Caroline Webb

Author, How To Have A Good Day

How behavioural science can help us all to have a good day at work

Caroline will demonstrate how tiny tweaks to our daily routines can transform our experience of what happens around us. These include the number of hours in the day, our level of intelligence, and even other people’s moods. With this kind of powerful insight in our back pocket, we can change our “luck” and put many more good days within reach.

Caroline is CEO of Sevenshift, a firm that shows people how to use insights from behavioural science to improve their working life. Her book How To Have A Good Day has been hailed as one of the top business books of 2016 by publications including Forbes and Fortune.

Before becoming CEO at Sevenshift, Caroline was an external senior advisor at McKinsey, and previously the partner and leadership coach at the organisation. 

Dots Live

Edit your reality and have a good day


“What is there open for us to control that’s not just down to luck? You can’t change everything, but understanding a little about how your brain works means we can shift and control more of our daily experience than we may think,” said Caroline Webb as she closed Dots 2016.

Let’s edit our reality

People experience reality differently, but why is that? Caroline explained to the Dots audience that the conscious part of your brain can only process a limited amount of information. Much of what’s around us gets unconsciously filtered out. We only experience a part of reality.

Our brain directs our attention to things that match our aims, attitudes and assumptions.

Caroline spoke about an experiment where a group of radiologist were shown a range of slides depicting lung nodules. At the end of the slide, a slide of a gorilla popped up. 83% of the radiologists didn’t see the gorilla, although they looked directly at it. Their goal wasn’t to find the gorilla, therefore they didn’t see it.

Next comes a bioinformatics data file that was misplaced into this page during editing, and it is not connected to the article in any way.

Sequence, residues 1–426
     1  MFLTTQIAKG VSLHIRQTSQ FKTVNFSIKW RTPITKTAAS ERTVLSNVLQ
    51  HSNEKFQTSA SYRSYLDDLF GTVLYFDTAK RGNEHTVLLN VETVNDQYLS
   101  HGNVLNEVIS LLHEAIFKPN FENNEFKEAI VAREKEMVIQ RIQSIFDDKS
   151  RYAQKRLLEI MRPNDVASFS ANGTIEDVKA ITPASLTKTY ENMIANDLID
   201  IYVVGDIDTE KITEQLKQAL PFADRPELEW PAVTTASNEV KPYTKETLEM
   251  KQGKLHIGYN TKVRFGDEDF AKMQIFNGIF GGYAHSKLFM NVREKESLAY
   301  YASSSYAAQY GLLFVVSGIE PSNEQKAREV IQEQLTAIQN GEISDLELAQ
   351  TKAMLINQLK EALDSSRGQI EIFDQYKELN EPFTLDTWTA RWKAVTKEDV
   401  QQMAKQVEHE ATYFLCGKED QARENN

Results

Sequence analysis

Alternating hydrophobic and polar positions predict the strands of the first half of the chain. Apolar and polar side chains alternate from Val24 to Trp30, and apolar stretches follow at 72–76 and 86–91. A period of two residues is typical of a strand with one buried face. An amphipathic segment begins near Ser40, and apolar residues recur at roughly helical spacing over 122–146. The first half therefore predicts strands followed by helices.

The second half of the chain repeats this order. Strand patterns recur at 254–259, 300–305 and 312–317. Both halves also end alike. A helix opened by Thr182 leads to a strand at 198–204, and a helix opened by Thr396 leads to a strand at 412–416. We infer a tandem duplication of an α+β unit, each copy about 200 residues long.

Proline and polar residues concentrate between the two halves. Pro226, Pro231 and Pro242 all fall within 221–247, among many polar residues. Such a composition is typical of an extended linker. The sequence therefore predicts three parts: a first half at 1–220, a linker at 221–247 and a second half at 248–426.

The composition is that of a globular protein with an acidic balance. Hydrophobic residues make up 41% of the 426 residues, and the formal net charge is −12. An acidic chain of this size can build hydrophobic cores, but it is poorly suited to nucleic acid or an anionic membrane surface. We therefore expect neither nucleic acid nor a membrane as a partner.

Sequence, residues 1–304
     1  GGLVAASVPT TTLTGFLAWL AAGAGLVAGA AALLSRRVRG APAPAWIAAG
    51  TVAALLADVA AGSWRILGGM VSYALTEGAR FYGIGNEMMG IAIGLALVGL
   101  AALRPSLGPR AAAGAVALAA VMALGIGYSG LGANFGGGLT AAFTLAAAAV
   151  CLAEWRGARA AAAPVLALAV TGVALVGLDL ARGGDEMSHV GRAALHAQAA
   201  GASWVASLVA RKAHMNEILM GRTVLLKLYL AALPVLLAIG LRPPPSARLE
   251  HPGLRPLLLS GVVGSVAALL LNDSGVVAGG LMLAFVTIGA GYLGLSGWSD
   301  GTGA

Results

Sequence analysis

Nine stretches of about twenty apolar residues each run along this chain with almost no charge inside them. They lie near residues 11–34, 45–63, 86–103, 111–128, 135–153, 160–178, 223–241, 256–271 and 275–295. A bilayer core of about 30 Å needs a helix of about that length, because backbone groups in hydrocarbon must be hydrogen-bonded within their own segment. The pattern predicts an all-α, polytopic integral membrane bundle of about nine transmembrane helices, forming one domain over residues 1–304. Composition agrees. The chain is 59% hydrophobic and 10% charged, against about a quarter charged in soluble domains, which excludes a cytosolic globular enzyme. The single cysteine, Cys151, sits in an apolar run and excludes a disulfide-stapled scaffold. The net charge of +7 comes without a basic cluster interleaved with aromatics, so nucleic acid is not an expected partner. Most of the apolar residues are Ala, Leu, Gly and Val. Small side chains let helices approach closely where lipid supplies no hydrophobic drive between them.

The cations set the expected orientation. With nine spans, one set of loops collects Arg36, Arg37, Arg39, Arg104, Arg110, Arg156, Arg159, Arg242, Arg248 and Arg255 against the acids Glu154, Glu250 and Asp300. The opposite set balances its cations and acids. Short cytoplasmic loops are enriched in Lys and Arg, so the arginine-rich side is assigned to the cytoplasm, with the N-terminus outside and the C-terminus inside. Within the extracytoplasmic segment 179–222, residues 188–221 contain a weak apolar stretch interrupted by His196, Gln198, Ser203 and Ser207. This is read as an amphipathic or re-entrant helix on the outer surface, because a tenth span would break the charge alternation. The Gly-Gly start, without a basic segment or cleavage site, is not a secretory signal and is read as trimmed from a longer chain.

To combat this, we must be aware of our aims, attitudes and assumptions. Following this, we should set expectations which aren’t blurred by our personal biases.

How can we make time go further?

Multitasking makes us: slower, less accurate, less wise and less creative. Our brain has to switch off one task to switch on another. Yet most of us try to valiantly multitask. We’re faster and wiser when we single task.

How can you give yourself a break from constant interruptions? Caroline gave these three tips:

  • Go offline for your most important tasks.
  • Batch your tasks, especially email. Group together similar tasks so your brain doesn’t have to switch between tasks.
  • Start small and celebrate your wins.

Other people’s moods

Our emotions are strangely contagious – our moods sync within five minutes of being with each other. You can decide what energy to put into a room and change the mood. If you project a different emotion into the room, the mood will change.

How can you change your negative feelings towards a situation?

It helps to know about the Fundamental Attribution Error. We decide why other people are in bad moods, and we usually attribute this to their character.

We need to assume good person, bad circumstances and wonder what put that person into a defensive mode. Did their cat vomit on them this morning? This will shift your demeanour so you become more sympathetic.

Caroline ended Dots with this final piece of advice: “Share your reality by setting clear intentions. Make the hours go further by single-tasking. Become smarter by using positive framing. Assume good person, bad circumstance.”